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  1. #1
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    Ph lvl while cycling tank

    Im cycling my tank with uncured live rock.. the temp is 80 (27) and SG 1.023, and water is 12x roll over..

    ammonia is at .30 right now after 1 week..

    and i can't even get a normal ph reading?

    i tried 2 tests and i cannot indentify the color it gives lol...

    one test it give a brown/purple color..

    the other give a dark kaki green color lol..

    none for the tests have that colour..

    any thoughts?

  2. #2
    Senior Member Fisherman's Avatar
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    Also I have 20 pounds of crushed / arg sub..
    15 pounds of uncured live rock (curing)
    powerhead 150 GPH
    HOB 150 GPH
    100 watt sub heater
    15w NO light (130W PC) on order..

    Hope that helps..

  3. #3
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    First thing to do is get that ammonia level down. Do some water change. Are you skimming?? If not it would be a good idea to start. Doing so will help you keep ammonia in check. You don't want to kill off too much of the life on your rock. Of course the more that dies off ... the higher the ammonia goes and a kill off cycle of ever increasing ammonia and death can occur ... before bacteria can correct the situation. . As for your PH test .. are you using the PH high test or the PH low test. There are 2 types and ether one can be supplied with the kits or by them selfs. Make sure your PH test kit is for the correct range.
    Rob

  4. #4
    Senior Member Fisherman's Avatar
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    i am using ph high test.. doesn't help.

    also the amonnia is pretty low compared to other cycling tanks.

    I cycled my 55Gal woth damsels once and my ammonia was almost 1.0

    and everything cycled threw!!

    but the ph test i used was saltwater only PH 7.4 - 8.4

    and can't determine the ph lvl by colors.. i used ph low test and the color was darker then the 7.8

  5. #5
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    yes but keep in mind that fish can handle a lot more ammonia then the simpler life forms that will be on the rock. The book I use as a water quality guide states that fish will start to have respiratory troubles at at ammonia levels of as low as .2 -.3. Take some of your water out in a CLEAN well rinsed glass and pump some air into it. If after a few min you can get a proper PH reading then you know that you need to get more oxygen into the water. Decomposition uses up oxygen quickly.
    Rob

  6. #6
    Senior Member Fisherman's Avatar
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    ahhh im adding a surface aggitating power head tommorrow..

    also i will remove some water!! and refill tank

    thanks!!

  7. #7
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    OK .... as per this same guide I use. lab quality tests showing BROWNISH PURPLE test results = 8.6 - 8.7 while DARK PURPLE = over 8.7 GREEN = 7.5 - 7.8 with SEA GREEN being a little higher.
    Rob

  8. #8
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    Hello

    I'm always cylcing live rock for customers tanks. Personally I dont do any water changes until the nitrate is present. I also don't skim these tanks or any reef tank for that matter. I don't understand why by changeing water in an attemt to save invertrabrate life, you then skim there enviroment which robs them of some of there requirements they need to live. Also buy not changing your water you create rock that has a huge bio-load capacity and is much more stable for the addition of fish and other creatures at the end of the cylce.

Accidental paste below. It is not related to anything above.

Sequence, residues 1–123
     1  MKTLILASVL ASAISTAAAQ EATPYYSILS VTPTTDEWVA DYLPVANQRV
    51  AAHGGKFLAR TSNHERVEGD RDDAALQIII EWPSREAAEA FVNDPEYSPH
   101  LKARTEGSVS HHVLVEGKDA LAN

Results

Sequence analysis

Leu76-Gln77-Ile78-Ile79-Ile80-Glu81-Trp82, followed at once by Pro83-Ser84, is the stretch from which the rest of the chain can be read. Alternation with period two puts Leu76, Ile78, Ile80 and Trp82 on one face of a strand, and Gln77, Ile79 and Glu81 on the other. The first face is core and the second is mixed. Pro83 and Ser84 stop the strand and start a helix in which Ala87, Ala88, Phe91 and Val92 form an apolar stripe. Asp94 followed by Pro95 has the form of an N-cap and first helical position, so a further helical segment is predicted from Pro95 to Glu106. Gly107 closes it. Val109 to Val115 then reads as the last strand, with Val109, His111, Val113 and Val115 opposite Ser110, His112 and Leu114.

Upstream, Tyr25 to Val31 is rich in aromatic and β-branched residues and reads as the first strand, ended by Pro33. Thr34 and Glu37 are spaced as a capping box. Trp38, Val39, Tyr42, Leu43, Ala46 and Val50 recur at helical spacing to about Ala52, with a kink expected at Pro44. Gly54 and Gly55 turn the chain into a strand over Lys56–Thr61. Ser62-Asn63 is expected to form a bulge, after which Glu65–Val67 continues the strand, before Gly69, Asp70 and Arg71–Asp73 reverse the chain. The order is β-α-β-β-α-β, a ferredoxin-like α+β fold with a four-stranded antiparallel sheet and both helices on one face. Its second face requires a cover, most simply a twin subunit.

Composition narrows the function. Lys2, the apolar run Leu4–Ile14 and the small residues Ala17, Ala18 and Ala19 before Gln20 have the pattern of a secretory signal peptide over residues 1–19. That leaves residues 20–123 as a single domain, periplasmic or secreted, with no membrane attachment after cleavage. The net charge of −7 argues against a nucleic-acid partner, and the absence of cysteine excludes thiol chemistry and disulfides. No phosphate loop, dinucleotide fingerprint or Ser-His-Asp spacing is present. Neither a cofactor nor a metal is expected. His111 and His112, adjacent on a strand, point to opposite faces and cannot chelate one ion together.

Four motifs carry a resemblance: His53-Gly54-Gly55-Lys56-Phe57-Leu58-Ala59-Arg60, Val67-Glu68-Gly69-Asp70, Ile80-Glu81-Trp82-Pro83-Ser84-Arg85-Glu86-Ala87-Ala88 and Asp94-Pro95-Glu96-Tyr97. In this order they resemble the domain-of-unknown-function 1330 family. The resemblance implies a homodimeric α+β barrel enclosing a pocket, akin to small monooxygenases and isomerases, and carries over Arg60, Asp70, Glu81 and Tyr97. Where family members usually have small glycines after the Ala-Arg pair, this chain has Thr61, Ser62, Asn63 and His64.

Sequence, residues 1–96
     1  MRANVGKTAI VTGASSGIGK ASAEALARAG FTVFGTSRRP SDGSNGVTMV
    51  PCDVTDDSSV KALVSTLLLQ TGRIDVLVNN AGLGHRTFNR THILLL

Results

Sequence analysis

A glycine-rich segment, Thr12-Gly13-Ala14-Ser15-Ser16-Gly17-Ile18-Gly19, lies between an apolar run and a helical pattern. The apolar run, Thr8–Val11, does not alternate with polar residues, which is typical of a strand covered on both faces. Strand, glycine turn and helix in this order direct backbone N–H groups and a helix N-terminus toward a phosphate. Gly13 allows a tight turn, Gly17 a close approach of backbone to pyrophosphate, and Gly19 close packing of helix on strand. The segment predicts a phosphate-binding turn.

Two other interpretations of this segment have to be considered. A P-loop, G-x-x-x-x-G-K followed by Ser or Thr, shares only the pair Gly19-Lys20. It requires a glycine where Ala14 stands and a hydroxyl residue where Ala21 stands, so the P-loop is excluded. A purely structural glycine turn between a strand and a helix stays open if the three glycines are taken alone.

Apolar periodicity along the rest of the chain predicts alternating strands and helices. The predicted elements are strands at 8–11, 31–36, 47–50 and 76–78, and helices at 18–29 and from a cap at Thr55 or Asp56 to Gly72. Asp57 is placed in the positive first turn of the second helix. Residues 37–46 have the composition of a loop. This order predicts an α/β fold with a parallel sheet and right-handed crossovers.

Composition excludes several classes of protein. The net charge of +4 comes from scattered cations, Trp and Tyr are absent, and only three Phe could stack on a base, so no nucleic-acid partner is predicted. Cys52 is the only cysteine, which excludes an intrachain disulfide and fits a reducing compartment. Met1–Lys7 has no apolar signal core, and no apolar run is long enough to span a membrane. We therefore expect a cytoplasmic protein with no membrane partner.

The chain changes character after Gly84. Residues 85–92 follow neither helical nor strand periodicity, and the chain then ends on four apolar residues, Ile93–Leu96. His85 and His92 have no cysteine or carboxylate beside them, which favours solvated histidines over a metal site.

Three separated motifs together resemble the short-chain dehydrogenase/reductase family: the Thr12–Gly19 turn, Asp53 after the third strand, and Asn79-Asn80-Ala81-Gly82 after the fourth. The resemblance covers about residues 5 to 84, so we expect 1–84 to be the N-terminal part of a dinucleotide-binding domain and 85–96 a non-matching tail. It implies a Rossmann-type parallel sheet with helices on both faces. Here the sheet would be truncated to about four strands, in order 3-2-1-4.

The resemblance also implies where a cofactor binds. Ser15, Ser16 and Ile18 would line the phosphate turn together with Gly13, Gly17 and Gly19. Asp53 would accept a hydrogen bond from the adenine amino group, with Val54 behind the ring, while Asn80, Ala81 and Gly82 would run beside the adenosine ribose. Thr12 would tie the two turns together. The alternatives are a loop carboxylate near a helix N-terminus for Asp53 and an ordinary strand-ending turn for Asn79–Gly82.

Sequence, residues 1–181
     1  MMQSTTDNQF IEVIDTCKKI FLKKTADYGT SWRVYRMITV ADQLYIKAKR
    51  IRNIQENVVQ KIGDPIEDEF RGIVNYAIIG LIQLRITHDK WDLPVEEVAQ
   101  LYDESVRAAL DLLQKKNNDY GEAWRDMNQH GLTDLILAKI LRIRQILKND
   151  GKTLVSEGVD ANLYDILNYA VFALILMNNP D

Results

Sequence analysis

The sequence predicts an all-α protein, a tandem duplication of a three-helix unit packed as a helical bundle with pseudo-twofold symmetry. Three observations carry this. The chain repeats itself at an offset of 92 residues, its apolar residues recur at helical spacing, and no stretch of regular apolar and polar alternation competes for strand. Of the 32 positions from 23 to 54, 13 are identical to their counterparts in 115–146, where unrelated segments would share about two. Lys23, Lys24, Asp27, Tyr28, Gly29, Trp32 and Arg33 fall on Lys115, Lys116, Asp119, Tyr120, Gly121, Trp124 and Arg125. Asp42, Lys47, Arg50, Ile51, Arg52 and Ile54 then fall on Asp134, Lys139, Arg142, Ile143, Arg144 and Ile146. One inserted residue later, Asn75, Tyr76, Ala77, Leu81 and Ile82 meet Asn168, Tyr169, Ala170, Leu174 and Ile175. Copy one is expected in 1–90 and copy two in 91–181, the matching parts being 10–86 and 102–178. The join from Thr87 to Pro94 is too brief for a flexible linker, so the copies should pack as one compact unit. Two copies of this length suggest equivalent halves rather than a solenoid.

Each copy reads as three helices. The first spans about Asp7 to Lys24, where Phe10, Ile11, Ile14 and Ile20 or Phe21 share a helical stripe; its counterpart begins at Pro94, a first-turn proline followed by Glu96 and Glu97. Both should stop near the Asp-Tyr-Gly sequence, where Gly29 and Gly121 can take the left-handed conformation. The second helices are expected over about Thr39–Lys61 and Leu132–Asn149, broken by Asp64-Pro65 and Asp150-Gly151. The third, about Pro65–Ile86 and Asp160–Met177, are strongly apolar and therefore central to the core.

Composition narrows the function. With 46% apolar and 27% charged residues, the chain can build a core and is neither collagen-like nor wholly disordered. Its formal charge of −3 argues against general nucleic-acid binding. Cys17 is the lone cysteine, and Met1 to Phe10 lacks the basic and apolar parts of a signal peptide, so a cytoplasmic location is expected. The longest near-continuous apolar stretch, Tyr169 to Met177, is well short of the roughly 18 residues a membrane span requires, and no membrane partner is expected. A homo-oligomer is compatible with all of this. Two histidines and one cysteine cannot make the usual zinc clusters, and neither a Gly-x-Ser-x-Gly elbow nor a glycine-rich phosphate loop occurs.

As for your Ph what test kits are you using? As for adding surface aggitation it is always a good idea in a marine tank. But it will have no effect on your Ph if the air surrounding your tank is high in co2. Your water in your tank and the air surrounding gain a equalibrium. If where you live is closed up tight, your enviroment this time of year can have a increse of co2 causing a reduction in your tank Ph. Also remember that the nutrfication process in it's self is a very acidic process and at this stage you are knee deep in it.

    Stan

  9. #9
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    I must say that I tend to disagree with the too much co2 in the air in the home so as to have an effect on ones tank. Older homes leak like sieves and newer home draw large volume of fresh air into their heating systems to prevent this from happening. Whether or not CO2 is heavier or lighter then the air around us it would take a LOT OF it to be stagnate over our tanks water surface. The average tanks water surface is about 4 ½ feet off the floor and 2 to 3 feet from the ceiling. As for changing out water when ammonium increases …. well IMO it’s like the oil filter commercial “ you can pay me now or you can pay me later”. By removing ammonium you are nipping the situation in the bud and preventing it from being turned in to nitrite, also poison and then into nitrate. I do not believe you will starve the bacteria of the ammonium they need to colonize the rock. Once they have a good foot hold they multiply or decrease quickly to handle the load they are subjected to. If fact some people believe that having too much bacteria in the tank for the load will lead to die off and when large amounts of bacteria die off they release toxins that have ill effects on tank life.
    This is of course only my opinion as I am not a mad scientist …I’m just mad.
    Rob

  10. #10
    Senior Member Fisherman's Avatar
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    WOW lots of info lol..

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